Presentation Authors: Madhur Nayan*, Olli Saarela, Keith Lawson, Lisa Martin, Maria Komisarenko, Antonio Finelli, Toronto, Canada
Introduction: Surgery remains the mainstay of treatment for localized renal cell carcinoma (RCC). However, there remains uncertainty whether partial nephrectomy is associated with a reduced risk of developing chronic kidney disease or end-stage renal disease compared to radical nephrectomy. Therefore, the objective of this study was to compare renal outcomes in patients undergoing partial or radical nephrectomy for T1a RCC.
Methods: We used administrative databases, several of which have been validated, to perform a population-based study of patients in Ontario, Canada, undergoing a partial or radical nephrectomy for T1a RCC between 1994 and 2014. We excluded patients with more than one nephrectomy or a previous history of chronic kidney disease, diabetes, or hypertension. The outcomes of interest were diagnosis of chronic kidney disease and end-stage renal disease requiring renal replacement therapy, defined as receipt of chronic dialysis or renal transplant. We used Cox proportional hazard models to evaluate the association between partial vs. radical nephrectomy and these outcomes.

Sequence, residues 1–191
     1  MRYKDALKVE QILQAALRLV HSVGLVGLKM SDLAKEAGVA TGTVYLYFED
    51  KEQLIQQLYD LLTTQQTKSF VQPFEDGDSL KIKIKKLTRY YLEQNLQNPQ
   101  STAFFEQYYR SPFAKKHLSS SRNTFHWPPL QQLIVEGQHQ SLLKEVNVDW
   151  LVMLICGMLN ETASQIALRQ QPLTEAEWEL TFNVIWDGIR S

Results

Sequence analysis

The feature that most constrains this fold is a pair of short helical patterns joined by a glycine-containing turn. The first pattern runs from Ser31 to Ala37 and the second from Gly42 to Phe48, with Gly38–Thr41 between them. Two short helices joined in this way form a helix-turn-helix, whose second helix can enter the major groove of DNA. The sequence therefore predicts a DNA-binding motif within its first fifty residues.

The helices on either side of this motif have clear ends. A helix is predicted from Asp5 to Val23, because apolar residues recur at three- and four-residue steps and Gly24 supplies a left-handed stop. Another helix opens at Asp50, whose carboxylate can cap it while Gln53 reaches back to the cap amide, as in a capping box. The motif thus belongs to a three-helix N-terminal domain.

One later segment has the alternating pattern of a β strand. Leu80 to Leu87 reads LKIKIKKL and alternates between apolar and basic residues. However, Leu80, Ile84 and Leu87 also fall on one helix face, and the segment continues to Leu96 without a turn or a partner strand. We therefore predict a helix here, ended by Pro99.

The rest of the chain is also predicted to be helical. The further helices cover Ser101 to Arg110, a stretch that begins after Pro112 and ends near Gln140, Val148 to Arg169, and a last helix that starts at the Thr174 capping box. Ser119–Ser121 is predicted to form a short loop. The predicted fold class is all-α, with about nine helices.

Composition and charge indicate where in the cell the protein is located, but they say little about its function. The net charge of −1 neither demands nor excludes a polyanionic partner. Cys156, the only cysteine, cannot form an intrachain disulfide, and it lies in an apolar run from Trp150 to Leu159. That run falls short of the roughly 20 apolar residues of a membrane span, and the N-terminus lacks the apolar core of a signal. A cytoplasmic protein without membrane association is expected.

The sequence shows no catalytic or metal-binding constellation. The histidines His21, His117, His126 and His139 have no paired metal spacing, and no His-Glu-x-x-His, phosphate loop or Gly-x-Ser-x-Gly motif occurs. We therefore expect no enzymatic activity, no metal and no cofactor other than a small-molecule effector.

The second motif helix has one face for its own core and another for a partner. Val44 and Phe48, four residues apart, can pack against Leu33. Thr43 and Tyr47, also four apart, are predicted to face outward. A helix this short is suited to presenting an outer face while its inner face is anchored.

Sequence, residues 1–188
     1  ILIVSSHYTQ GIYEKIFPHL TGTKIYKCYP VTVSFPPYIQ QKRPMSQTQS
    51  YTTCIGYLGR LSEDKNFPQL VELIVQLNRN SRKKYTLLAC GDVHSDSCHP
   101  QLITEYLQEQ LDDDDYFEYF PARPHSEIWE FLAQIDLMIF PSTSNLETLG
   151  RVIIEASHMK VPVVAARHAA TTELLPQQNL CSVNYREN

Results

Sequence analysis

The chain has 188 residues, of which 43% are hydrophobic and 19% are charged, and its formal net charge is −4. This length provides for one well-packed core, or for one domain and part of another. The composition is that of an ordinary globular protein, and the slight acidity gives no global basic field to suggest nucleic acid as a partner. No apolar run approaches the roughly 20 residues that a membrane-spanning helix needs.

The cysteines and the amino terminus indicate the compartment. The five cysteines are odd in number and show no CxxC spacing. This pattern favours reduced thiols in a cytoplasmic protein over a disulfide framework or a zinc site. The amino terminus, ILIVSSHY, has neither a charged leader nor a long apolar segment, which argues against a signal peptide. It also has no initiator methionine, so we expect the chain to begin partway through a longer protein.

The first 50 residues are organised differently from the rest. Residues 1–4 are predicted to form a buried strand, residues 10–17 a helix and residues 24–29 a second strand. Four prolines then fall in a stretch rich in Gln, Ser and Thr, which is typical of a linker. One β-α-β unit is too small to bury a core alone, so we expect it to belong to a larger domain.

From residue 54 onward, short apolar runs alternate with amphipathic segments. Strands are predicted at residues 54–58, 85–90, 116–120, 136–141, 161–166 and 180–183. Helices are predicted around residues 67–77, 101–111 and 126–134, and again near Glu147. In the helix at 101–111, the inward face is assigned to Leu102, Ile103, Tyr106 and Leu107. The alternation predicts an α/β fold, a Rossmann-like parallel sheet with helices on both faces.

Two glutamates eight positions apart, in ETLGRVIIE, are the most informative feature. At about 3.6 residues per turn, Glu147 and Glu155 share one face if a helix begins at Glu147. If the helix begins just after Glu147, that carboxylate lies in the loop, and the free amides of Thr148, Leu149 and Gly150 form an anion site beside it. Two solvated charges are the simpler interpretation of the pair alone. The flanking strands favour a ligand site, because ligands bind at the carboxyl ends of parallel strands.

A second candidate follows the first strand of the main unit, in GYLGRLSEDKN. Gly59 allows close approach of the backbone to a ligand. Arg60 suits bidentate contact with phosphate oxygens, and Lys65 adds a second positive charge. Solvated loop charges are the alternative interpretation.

Results: We identified 1967 patients that met inclusion criteria, of which 893 (45.5%) underwent partial nephrectomy. Patients undergoing partial nephrectomy were more likely to be younger, have a lower Charlson score, have smaller tumour sizes, and undergo surgery in more recent years. With a median follow-up in those without death of 7.6 years (interquartile range 4.3 - 12.9), 238 and 15 patients developed chronic kidney disease and end-stage renal disease, respectively. Multivariable Cox proportional hazard models found that partial nephrectomy was independently associated with a significantly reduced risk of chronic kidney disease (hazard ratio (HR) 0.16, 95% confidence interval (CI) 0.10 to 0.25). On univariate analysis, partial nephrectomy was not significantly associated with receipt of renal replacement therapy (HR 0.26, 95% CI 0.06 to 1.17).
Conclusions: Our population-based study comparing partial vs. radical nephrectomy for T1a renal cell carcinoma found that partial nephrectomy was associated with significantly reduced risk of chronic kidney disease. However, the need for renal replacement therapy occurred infrequently and there was no significant association with type of surgery.